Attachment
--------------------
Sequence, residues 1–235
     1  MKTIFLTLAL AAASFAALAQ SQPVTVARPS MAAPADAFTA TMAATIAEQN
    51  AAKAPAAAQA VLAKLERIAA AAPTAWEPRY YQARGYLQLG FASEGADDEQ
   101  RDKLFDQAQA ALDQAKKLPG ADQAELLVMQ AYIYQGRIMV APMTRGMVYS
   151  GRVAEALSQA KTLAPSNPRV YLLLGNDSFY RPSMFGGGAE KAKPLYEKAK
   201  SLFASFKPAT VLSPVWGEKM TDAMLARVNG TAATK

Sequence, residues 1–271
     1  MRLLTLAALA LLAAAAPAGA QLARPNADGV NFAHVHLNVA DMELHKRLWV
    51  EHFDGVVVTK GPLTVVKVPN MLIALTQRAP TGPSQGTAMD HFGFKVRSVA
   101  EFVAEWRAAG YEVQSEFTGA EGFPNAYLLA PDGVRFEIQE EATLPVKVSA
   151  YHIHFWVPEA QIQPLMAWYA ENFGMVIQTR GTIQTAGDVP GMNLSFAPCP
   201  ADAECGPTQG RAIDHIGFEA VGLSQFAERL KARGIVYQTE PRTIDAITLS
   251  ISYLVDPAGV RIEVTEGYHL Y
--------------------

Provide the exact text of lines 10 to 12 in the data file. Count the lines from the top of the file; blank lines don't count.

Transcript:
   101  EFVAEWRAAG YEVQSEFTGA EGFPNAYLLA PDGVRFEIQE EATLPVKVSA
   151  YHIHFWVPEA QIQPLMAWYA ENFGMVIQTR GTIQTAGDVP GMNLSFAPCP
   201  ADAECGPTQG RAIDHIGFEA VGLSQFAERL KARGIVYQTE PRTIDAITLS